Coyote’s Ugly Trash

As you may know, Environmental Science Instructor Dr. Derek Faust has the job of installing, monitoring, and inspecting the trail cameras over at the college outdoor lab.  Sometimes there is absolutely nothing to see, while other times we get something surprising like this:

night vision image of coyote holding glass beer bottle in its mouth
Coyote gets busted for drinking at CPTC Lakewood.

Hilarious as this is, the coyote “busted” for drinking on CPTC property was most likely doing one of two things:

Option 1: Playing Around

Witnesses have recorded coyotes, raccoons, and other stray animals making up toys of some unexpected things, like plastic water bottles, stones, crackly trash, or inedible roadkill. This can be very funny, very annoying—or both. But we tend to forget that once we go to bed the world carries on, and we share space with quite a large ‘Night Crowd’.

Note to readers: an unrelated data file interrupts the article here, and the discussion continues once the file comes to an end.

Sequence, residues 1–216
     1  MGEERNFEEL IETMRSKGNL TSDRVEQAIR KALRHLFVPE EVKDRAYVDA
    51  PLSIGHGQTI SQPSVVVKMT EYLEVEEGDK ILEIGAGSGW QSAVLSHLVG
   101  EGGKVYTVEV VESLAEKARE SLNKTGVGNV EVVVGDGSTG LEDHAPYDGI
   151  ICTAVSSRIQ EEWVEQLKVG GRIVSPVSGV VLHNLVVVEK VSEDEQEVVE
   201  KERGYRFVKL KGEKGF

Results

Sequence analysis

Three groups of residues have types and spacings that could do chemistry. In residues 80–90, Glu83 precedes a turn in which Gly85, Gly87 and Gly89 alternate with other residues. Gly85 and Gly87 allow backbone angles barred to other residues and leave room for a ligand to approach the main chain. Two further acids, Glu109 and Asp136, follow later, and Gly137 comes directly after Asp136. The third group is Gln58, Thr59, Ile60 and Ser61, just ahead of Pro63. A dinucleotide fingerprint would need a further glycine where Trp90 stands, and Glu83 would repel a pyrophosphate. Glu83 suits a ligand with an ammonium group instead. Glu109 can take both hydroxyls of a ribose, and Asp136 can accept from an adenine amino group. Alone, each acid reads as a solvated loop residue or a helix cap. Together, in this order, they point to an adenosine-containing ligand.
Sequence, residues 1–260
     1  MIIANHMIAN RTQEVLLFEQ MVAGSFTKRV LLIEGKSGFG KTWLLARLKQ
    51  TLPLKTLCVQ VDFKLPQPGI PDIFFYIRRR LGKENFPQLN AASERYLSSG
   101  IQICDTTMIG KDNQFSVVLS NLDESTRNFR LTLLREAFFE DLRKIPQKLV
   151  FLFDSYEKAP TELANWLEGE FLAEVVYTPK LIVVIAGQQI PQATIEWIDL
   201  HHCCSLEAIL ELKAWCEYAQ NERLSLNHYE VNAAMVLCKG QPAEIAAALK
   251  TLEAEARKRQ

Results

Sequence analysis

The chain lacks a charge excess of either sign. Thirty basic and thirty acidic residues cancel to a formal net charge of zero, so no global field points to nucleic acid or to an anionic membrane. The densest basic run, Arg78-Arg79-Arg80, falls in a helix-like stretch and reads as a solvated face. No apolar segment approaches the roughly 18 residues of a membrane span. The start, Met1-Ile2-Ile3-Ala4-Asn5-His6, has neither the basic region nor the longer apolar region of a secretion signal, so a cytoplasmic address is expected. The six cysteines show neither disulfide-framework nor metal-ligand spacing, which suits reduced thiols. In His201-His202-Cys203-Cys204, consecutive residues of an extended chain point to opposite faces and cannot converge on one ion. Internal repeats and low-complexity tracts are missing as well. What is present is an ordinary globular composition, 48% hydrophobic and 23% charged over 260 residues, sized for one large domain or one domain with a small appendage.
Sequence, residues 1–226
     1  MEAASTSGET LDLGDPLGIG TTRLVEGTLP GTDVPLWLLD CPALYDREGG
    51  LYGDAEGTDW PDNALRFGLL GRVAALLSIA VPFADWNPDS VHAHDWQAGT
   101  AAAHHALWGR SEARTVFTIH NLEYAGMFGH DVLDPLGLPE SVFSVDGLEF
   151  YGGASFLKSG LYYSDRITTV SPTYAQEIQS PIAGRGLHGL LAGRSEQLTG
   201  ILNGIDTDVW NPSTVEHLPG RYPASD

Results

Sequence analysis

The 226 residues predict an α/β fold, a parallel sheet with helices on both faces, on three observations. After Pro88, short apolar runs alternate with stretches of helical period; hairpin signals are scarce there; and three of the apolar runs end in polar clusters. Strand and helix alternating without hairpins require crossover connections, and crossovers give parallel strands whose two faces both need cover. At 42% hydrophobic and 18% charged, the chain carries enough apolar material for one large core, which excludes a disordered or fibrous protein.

Let’s pause and remember that the word coyote comes from the Aztec Nahuatl, cóyotl.  It means ‘trickster’ and Old Coyote (Huehuecóyotl) was a reliable mischief-maker deity amongst startled humans.  He loved to party, but his tricks often backfired… as we see, he has helped himself to a discarded beer bottle and he doesn’t look like he knows it is empty.

Or is it?

Option 2: Dinner to Go (but not a liquid lunch)

A small prey animal like a mouse or vole may have run inside this bottle and the coyote is planning on a ‘meal to go’.  Animals are often trapped or entangled in our tossed away food containers. Maybe some of you are old enough to remember a cautionary comic book Ranger Rick put out some years ago?  It was meant to warn us that wildlife can fall into these smooth glass vessels but getting out is harder and they often die. 

Picking up litter is not glamorous, but it ensures the Outdoor Lab is safe for humans and wildlife alike.

Night vision image of coyote carrying blass beer bottle in its mouth